Jazz CDs reviewed – late August 2012

August 27, 2012

Shirley Crabbe

On her debut release, Home (own label) Shirley Crabbe sparklingly demonstrates that she is a mature singer, with considerable talent. Shirley’s late arrival as a recording artists resulted from vocal problems eventually solved through surgery and it is a delight to hear her voice, which is full and rich and used with subtle flair and very good taste.  Shirley-Crabbe-CDSimilarly tasteful is her choice of songs on which she is accompanied by pianists Donald Vega and Jim West, bassist John Burr, and drummer Alvester Garrett, who make up the core trio. They are joined by guest soloists Brandon Lee, Dave Glasser, Matt Haviland and Houston Person, all of whom contribute significantly to the proceedings. That said, this CD is a showcase for an exceptionally gifted artist who must surely appeal to all who love good jazz singing and can now hear her for the first time.

Claire Dickson Scattin’ Doll (Naftule’s Dream NDR 102)

This remarkable young jazz singer has attracted much attention thanks in part to winning Down Beat magazine’s award as Best Jazz Vocalist (Junior High School Level). It is hard to believe that on this, her first CD, some tracks were recorded when Claire was aged 12, some at 13. Surely no one coming to this singer in a blindfold test would think she is so young – okay, so here and there are a few tiny touches that suggest her voice is not yet as strong as it will become, but throughout Claire displays startling maturity of purpose and understanding.  Claire-Dickson-CDHere, she takes her repertoire from the books of Parker, Ellington and Hampton, a few of the classic pop song composers, and performs everything with enormous confidence. Claire’s accompanying trio, Michael McLaughlin, Greg Loughman, and Eric Rosenthal, support her ably as do guest horns Gary Bohan, Dan Fox, and Glenn Dickson on three tracks, but this is a showcase for the singer who is, without question, someone to look out for, not just now but for the next several decades. Surely, this is the birth of a major jazz singing talent.

Andrea Wolper

Andrea Wolper has a fluid voice, which she uses in an attractive low-key style, drawing subtle nuances from lyrics, and shaping vocal lines into jazz performances. For some years she has worked regularly with guitarist Ron Affif and bassist Ken Filiano and the interplay of the three on The Small Hours (VarisOne Jazz) makes clear that this is neither singer with band, nor band with singer, but a co-operative trio of which every member is an equal part. The extent of Andrea’s musicianship is apparent from the fact that she is also responsible for the arrangements and these are exemplary. On 2011’s Parallel Lives (Jazzed Media), Andrea and Ken are in collaboration with guitarist Michael Howell, pianist Kris Davis, and electronic percussionist Michael TA Thompson. This group explores new possibilities in some standards, including a gorgeous Skylark, touches upon songs from more recent times, among them Joni Mitchell’s Song To A Seagull, and also provides three eloquent examples of Andrea’s gifts as a songwriter.  Tranceformation.cdClearly, this accomplished artist has much to offer those who delight in contemporary jazz singing, something that is underlined most effectively on TranceFormation In Concert (New Artists Records ), released October 2012.  On this album, recorded live in New York, Andrea and Ken team up with pianist Connie Crothers for a scintillating demonstration of the art of improvisation. Never becoming so abstract that the audience is left behind, they stretch the expected boundaries of the vocal-bass-piano trio line-up yet remain anchored to the soul of jazz. It is an exhilarating sonic image of where jazz (and jazz singing in particular) is located today and hints at the possible routes it might take tomorrow.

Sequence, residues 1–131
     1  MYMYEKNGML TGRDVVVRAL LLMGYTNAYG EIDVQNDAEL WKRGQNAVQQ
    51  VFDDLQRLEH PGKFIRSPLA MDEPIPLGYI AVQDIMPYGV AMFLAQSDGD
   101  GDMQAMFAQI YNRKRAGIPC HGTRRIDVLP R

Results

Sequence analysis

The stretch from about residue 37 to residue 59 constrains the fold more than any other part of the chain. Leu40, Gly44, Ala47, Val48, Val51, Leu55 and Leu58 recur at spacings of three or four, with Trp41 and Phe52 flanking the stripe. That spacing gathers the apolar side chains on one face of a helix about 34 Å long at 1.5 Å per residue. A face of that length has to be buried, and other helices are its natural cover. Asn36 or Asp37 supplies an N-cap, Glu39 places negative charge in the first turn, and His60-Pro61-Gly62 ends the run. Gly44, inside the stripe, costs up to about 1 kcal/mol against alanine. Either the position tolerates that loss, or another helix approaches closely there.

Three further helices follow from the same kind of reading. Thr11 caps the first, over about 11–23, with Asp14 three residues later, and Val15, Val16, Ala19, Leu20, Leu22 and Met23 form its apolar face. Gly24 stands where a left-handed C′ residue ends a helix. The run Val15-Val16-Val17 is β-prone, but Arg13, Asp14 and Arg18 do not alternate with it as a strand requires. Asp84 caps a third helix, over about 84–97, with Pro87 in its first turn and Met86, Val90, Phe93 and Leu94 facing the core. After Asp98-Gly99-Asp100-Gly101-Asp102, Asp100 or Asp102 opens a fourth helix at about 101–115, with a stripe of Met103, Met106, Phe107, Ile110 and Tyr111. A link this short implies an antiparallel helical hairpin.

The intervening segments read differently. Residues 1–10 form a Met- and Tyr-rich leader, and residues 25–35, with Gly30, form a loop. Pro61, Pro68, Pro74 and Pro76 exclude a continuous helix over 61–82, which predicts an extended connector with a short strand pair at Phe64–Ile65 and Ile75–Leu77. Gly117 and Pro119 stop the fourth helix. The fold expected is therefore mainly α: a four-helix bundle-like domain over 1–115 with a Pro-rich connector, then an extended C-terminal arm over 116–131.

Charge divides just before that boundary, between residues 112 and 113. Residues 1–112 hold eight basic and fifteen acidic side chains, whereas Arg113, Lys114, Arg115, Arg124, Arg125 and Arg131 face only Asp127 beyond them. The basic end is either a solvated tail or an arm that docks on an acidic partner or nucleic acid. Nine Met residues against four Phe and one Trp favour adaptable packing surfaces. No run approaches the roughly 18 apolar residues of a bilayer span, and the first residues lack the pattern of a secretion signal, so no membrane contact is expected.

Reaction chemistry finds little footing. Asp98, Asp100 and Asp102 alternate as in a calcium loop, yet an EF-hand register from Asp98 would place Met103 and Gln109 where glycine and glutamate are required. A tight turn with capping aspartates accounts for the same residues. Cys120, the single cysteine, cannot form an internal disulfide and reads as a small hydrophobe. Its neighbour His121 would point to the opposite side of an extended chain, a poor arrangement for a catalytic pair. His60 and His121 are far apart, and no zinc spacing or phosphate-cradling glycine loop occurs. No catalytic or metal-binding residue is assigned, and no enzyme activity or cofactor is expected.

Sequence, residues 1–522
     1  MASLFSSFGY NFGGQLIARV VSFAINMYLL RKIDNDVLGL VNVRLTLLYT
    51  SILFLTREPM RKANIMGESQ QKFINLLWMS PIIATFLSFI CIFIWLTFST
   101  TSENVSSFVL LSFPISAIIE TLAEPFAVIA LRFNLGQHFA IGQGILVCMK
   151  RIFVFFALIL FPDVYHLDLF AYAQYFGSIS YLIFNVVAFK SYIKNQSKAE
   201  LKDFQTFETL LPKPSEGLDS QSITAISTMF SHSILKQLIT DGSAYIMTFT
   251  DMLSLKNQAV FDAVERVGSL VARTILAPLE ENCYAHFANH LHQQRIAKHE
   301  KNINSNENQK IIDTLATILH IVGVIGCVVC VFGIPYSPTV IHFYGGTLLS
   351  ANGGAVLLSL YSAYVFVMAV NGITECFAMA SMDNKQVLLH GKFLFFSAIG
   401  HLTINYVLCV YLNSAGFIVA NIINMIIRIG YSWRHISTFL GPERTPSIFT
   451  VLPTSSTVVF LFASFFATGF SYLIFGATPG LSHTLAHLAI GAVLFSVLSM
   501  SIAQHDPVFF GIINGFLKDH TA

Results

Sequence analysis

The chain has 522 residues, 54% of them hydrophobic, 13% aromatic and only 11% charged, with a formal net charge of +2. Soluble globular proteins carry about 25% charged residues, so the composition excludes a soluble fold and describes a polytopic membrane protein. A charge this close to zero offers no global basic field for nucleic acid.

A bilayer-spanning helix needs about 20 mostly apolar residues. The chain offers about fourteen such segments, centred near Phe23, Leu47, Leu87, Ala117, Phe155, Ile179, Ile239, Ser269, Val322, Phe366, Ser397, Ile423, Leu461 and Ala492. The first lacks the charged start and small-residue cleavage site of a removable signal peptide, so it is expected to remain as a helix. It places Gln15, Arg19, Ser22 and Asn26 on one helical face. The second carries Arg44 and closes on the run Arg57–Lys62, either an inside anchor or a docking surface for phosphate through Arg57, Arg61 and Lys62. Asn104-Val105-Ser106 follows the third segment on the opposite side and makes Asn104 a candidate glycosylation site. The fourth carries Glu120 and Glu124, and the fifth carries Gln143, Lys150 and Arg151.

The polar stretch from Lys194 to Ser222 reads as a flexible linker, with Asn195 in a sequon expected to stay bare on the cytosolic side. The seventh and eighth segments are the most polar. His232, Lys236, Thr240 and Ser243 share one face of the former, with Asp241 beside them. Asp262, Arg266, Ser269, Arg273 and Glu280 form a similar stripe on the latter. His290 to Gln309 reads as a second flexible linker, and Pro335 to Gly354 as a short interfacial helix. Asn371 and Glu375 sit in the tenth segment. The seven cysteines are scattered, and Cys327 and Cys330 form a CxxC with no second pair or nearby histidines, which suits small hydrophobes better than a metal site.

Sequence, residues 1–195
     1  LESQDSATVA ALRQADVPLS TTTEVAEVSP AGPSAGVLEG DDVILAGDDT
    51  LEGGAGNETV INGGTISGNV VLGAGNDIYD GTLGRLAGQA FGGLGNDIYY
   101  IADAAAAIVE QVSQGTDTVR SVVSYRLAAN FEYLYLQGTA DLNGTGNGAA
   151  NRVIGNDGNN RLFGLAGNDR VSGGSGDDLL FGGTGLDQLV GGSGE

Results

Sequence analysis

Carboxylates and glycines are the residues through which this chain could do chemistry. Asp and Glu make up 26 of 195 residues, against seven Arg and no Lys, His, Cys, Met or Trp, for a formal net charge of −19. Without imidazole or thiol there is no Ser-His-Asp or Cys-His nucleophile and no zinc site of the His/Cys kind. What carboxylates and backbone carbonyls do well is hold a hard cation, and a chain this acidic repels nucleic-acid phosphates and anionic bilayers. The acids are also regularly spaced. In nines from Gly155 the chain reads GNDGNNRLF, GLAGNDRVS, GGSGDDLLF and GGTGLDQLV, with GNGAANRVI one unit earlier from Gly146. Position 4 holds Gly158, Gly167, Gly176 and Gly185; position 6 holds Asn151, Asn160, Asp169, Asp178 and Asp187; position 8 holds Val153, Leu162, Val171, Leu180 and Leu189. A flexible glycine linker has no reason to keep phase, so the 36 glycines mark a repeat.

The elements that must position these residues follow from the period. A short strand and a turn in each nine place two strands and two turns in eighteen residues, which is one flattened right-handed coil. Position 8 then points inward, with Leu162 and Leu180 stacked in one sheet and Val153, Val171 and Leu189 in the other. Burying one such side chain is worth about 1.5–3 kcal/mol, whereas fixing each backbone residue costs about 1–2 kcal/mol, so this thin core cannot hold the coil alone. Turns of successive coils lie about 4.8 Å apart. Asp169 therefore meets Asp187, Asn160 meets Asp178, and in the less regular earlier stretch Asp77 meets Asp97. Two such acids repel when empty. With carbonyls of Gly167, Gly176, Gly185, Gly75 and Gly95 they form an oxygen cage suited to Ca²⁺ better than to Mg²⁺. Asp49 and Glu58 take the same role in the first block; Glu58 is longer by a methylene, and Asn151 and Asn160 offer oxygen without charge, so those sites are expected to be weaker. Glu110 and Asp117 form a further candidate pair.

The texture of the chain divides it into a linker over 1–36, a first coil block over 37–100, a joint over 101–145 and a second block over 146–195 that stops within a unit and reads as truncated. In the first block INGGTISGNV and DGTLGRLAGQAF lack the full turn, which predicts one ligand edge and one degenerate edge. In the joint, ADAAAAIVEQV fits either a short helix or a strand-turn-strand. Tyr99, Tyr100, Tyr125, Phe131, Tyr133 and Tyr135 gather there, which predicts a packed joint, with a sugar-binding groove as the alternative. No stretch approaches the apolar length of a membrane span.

Deborah Pearl

For many years, Deborah Pearl was a friend of Benny Carter and with his encouragement developed her talent as both singer and songwriter. All these elements come together on the very good 2011 CD, Souvenir Of You (Evening Star), which is subtitled New Lyrics to Benny Carter Classics. Although this is a debut release, it is immediately clear that Deborah is highly accomplished as both singer and lyricist. The words she has written for several of the master jazzman’s compositions bring attractive concepts, reflecting both period and latterday elements.  Deborah-Pearl-CDSome of the compositions are instantly familiar, others perhaps less so but no less admirable for their melodic charm. On two tracks, Happy Feet (At The Savoy) and Anniversary Dance, the backing to Pearl’s vocal lines has been taken from a concert at Rutger’s by a big band fronted by Carter and featuring his inimitable alto saxophone. On these and all of Carter’s other compositions, which include Doozy, Johnny True, An Elegy In Blue, and Souvenir Of You, Deborah helps demonstrate how timeless is Carter’s music and how his admiration for others, such as Johnny Hodges, illuminated his work. With skilful accompaniment from pianist-arranger Lou Forestieri, bassists Chris Colangelo and Kenny Wild, and drummers Dave Karasony and Jimmy Branly, Deborah Pearl makes an impressive mark that should appeal to many.



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